dominantly White (86.1%)1and none was Black; each child re-
ceived a small gift for participating.
Materials and Procedure
Parents of third, fourth, and fifth graders were informed of the
study via letters sent home by school administrators. Upon receipt
of parental consent, individual children who provided verbal assent
participated in a quiet location, separate from other children. The
only information they received prior to testing was that they would
be “playing matching games.” The experimental task—adapted
from an analogous task used to gauge adults’ willingness to
mention race (Apfelbaum et al., in press; Norton et al., 2006)—
was an interactive photo identification exercise similar to a chil-
dren’s board game. Children sat in front of an array of forty
4 ? 6-in. (10.16 ? 15.24-cm) photographs of people (cropped
above the waist) arranged in 4 rows of 10. Photos in the array
differed in many respects but only varied systematically on 4
dimensions. For the race-relevant condition, these dimensions
were background color (red/blue), gender (male/female), weight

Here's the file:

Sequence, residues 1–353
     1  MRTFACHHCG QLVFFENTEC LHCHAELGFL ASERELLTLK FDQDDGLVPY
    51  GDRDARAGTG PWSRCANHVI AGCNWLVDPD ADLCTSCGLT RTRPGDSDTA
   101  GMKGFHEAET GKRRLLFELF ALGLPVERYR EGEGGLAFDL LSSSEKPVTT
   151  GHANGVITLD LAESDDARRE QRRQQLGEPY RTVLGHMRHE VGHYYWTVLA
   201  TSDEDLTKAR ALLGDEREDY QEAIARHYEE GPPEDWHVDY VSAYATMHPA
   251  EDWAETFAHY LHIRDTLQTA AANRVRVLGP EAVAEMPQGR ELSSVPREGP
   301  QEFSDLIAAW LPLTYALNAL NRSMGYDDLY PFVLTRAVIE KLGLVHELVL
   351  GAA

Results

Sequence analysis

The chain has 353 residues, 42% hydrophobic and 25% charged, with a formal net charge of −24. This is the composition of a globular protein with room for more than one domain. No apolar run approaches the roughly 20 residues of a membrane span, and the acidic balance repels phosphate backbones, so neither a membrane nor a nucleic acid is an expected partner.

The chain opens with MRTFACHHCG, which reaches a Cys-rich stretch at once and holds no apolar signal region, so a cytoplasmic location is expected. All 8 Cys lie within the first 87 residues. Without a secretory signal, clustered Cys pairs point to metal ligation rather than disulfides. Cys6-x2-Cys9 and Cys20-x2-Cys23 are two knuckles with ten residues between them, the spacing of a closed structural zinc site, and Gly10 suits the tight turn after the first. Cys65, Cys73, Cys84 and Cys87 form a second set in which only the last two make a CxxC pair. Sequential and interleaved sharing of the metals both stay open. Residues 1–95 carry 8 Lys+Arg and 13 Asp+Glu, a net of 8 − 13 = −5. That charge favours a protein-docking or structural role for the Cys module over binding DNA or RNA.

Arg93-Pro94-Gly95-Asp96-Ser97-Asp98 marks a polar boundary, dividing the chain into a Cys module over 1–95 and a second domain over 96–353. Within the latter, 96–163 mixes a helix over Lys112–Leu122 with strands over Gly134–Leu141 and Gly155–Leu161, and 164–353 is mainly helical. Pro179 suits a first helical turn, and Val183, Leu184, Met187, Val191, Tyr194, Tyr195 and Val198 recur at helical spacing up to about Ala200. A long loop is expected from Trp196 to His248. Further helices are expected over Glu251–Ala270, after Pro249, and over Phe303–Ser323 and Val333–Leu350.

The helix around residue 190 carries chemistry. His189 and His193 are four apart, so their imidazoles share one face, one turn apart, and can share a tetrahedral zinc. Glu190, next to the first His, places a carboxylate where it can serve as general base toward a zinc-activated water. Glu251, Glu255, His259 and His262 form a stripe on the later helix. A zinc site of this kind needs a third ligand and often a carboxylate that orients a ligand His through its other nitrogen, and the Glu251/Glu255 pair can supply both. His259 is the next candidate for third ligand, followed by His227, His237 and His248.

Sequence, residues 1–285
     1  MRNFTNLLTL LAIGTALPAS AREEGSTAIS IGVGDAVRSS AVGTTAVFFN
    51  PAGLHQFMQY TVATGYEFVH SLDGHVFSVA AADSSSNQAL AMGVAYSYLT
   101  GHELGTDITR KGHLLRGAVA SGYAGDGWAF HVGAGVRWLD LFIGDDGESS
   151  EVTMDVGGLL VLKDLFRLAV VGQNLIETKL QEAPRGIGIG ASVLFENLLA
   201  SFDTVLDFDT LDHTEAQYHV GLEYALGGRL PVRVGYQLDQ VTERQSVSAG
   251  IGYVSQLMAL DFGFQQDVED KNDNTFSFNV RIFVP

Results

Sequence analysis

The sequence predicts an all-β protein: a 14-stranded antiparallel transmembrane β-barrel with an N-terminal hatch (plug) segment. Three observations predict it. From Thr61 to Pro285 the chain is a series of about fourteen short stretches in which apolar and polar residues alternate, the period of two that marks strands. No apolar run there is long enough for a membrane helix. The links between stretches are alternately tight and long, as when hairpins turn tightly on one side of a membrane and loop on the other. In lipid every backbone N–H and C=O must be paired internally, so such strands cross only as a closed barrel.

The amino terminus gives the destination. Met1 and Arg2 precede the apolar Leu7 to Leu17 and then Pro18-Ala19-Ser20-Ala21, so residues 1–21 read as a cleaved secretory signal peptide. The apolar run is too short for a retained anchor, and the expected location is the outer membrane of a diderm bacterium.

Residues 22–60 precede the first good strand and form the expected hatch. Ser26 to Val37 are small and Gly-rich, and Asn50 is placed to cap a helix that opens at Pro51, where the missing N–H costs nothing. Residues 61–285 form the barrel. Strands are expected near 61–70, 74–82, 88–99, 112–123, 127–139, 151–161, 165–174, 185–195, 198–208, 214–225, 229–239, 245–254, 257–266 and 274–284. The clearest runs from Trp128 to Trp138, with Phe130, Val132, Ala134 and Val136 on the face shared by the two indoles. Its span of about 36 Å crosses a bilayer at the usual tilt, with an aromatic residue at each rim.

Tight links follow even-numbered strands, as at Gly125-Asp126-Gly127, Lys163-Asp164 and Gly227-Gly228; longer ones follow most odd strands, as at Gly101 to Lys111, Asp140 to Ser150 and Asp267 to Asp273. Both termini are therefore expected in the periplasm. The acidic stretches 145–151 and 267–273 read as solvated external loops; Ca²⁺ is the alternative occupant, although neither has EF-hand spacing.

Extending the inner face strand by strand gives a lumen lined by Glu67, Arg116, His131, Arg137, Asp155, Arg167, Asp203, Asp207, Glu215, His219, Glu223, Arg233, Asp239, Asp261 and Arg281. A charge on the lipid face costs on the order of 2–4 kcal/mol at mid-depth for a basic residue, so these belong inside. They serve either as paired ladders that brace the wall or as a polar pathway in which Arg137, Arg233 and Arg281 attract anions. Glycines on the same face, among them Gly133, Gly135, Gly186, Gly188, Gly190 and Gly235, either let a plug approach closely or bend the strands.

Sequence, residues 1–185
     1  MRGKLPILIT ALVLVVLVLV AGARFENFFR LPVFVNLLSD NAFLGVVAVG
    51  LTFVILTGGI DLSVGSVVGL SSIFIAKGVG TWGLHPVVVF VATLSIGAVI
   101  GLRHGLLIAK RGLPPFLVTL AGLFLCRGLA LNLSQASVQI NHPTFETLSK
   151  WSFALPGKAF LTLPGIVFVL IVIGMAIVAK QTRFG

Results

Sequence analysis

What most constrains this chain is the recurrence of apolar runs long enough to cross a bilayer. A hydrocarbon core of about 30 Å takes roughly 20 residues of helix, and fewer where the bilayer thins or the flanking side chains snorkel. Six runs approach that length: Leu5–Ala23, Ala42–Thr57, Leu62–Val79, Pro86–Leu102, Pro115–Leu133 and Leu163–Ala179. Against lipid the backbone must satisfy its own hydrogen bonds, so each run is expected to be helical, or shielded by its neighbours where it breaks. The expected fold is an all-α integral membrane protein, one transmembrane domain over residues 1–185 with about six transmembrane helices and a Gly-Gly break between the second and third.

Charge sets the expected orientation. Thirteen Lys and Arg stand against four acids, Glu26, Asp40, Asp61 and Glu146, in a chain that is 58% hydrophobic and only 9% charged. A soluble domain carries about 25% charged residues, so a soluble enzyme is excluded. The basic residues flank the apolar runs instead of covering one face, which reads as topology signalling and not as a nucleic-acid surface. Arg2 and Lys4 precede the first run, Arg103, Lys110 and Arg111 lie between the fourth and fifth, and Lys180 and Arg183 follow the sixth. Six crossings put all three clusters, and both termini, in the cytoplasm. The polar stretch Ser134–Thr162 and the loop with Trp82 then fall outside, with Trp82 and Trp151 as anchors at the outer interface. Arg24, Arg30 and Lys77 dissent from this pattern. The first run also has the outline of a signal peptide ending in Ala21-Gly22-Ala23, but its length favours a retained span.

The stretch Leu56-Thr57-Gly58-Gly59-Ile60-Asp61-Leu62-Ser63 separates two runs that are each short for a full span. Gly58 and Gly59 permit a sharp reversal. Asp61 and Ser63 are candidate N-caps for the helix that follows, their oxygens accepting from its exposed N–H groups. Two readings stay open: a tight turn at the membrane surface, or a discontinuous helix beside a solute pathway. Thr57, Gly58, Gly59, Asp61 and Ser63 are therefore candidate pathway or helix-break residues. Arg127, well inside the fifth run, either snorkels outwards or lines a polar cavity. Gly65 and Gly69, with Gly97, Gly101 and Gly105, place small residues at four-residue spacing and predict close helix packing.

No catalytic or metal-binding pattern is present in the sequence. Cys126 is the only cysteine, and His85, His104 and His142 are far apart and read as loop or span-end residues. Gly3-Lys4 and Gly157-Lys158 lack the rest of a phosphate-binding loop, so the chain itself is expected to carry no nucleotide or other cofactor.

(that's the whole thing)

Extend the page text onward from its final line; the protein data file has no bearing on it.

(fat/thin), and race (Black/White). Participants assigned to the
race-neutral condition viewed photos that varied on the same
dimensions, except that all of their photos depicted White individ-
uals. Instead, a dark brown or off-white, head-sized oval sticker
was appended to the bottom-left corner of each photo, reestablish-
ing a fourth dimension on which the array varied systematically.
The sticker colors were not arbitrary—the dark brown was a
composite blend of the Black individuals’ actual skin tone from the
race-relevant array, while off-white stickers displayed the average
White skin tone from the same array. Thus, the race-relevant and
race-neutral photo arrays displayed virtually identical perceptual
information, but only in the former condition was this information
tied to the social category of race (see Figure 1 for sample photos).
An experimenter sat facing the participant, holding a single
target photo from the array. This target photo was one of two
photos, randomly selected from the array at the outset of the study.
Participants were instructed to ask yes/no questions to narrow the